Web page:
By Matt Murphy
STATE HOUSE NEWS SERVICE
STATE HOUSE -- Presenting himself as the conservative alternative to GOP gubernatorial frontrunner Charlie Baker, Republican Mark Fisher on Monday said his party is wrong to think it has to nominate a centrist in order to compete in Massachusetts.
"I don't subscribe to the Big Tent theory of the Republican Party," Fisher said, calling himself a Tea Party member and proud "full platform Republican" who doesn't think he has to try to please every voter in order to appeal to them for their support.
Fisher, a little-known candidate from Shrewsbury, took part in the gubernatorial candidate series being sponsored by the Rappaport Center for Law and Public Service at Suffolk University.
>>> For a photo gallery from Fisher's appearance, go to: http://www.statehousenews.com/gsp/default.aspx?aid=1951 <<<
Admitting that "voting and complaining" has been the extent of his political involvement until now, Fisher said he is trying to unite elements of what he described as a "fractured Republican Party" in Massachusetts whose members too often don't vote or "hold their nose" and vote for candidates that don't champion their beliefs.
The MassGOP is scheduled to hold its nominating convention later this month in Boston where Fisher will have to clear at least 15 percent of the delegates in order to qualify for the primary ballot against Baker, who is the favorite to win the party nomination. Fisher said he believes he can get to 15 percent, but has some concerns about his supporters who hail heavily from central and western Massachusetts making it to Boston for the convention.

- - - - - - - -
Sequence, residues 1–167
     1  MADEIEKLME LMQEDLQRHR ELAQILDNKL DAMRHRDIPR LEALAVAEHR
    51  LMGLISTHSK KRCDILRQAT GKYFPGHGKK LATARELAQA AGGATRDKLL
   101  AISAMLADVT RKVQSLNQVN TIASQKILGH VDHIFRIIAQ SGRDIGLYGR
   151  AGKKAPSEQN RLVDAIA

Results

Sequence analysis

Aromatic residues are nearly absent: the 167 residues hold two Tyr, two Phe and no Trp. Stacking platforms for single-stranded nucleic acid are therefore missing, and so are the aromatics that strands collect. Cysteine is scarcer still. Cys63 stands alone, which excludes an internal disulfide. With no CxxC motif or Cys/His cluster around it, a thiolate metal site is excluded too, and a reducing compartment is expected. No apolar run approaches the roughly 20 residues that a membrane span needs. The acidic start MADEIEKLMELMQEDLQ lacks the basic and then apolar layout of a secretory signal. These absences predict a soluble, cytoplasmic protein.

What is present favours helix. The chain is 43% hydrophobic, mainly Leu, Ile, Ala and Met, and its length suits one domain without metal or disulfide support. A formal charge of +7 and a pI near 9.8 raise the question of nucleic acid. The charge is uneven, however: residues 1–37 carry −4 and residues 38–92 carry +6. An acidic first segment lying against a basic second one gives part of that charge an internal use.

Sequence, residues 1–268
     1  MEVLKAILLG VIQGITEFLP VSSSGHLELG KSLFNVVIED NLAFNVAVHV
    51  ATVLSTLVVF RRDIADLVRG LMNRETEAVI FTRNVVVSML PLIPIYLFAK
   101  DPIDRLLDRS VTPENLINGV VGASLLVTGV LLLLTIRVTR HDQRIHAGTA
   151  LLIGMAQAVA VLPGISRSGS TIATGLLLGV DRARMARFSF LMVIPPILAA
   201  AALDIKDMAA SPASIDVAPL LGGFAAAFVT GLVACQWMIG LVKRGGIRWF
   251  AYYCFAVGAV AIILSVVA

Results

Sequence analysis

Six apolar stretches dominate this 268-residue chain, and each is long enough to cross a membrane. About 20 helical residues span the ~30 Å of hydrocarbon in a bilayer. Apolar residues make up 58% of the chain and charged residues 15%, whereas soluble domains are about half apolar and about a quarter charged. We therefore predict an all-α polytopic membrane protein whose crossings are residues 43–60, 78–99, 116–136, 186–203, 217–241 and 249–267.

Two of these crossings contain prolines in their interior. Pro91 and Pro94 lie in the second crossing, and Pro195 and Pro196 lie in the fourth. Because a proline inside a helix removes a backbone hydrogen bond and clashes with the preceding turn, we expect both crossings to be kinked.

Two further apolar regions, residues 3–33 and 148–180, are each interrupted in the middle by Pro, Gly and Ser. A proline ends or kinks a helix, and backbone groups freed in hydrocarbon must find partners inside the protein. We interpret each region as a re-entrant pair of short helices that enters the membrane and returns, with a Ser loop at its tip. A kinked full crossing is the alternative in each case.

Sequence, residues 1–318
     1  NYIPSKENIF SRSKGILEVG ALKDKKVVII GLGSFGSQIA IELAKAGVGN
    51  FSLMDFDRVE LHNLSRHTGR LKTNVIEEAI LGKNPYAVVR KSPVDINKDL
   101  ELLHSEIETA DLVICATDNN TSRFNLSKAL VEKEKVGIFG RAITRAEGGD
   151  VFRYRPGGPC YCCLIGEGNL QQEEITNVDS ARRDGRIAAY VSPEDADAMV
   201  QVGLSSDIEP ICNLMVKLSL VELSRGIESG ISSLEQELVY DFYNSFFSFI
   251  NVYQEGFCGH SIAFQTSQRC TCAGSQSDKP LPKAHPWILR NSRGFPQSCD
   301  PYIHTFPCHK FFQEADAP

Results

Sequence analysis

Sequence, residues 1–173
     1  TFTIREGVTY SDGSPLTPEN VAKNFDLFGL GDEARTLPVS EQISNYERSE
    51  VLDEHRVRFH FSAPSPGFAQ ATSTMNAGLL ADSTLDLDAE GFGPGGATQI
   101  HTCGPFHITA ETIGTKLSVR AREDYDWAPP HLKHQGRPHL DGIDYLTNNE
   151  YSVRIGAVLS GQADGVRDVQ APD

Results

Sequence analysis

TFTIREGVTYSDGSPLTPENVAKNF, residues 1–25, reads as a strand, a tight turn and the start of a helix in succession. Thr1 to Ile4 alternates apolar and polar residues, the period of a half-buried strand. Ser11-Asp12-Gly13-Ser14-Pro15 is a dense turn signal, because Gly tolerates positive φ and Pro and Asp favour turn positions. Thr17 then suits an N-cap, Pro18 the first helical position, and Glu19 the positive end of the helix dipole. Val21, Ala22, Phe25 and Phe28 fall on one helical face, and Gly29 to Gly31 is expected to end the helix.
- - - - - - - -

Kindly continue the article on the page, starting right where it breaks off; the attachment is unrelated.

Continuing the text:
Baker has not agreed to Fisher's call for a debate before the convention. The path to success for many statewide Republican candidates in the past has required broad appeal to both independents and conservative Democrats, but Fisher says there's another way and hopes his limited government views will resonate with voters.
Fisher opened the program at Suffolk by talking about three of his biggest priorities - eliminating fraud and abuse in the EBT welfare benefit and food stamp programs, making sure illegal immigrants are not rewarded with drivers' licenses or in-state tuition, and eliminating the tolls on the Turnpike.
"These programs are necessary and they're there for the needy who need them, not the greedy who abuse them," Fisher said about welfare programs.
He also said the free-market would be a preferable alternative to both Obamacare and Romneycare to control rising health care costs, and said the state has put too great a focus on higher education spending at the expense of training young people for blue collar jobs like welding or plumbing.
Asked about the children of illegal immigrants who may have come to this country by no choice of their own, Fisher said he resented parents using their children as an excuse to receive benefits that should be reserved for those here legally, like the two non-citizens on his payroll who have their green cards.
"They're not just cutting the line. They're breaking and entering and we do not reward that behavior," Fisher said, suggesting Massachusetts should let illegal immigrants move to New York and California to get benefits rather than stay here.
Fisher said he would not raise the minimum wage, and believes government should let the market determine wages, though he said he does want to eliminate the current wage floor as it stands in Massachusetts at $8 an hour.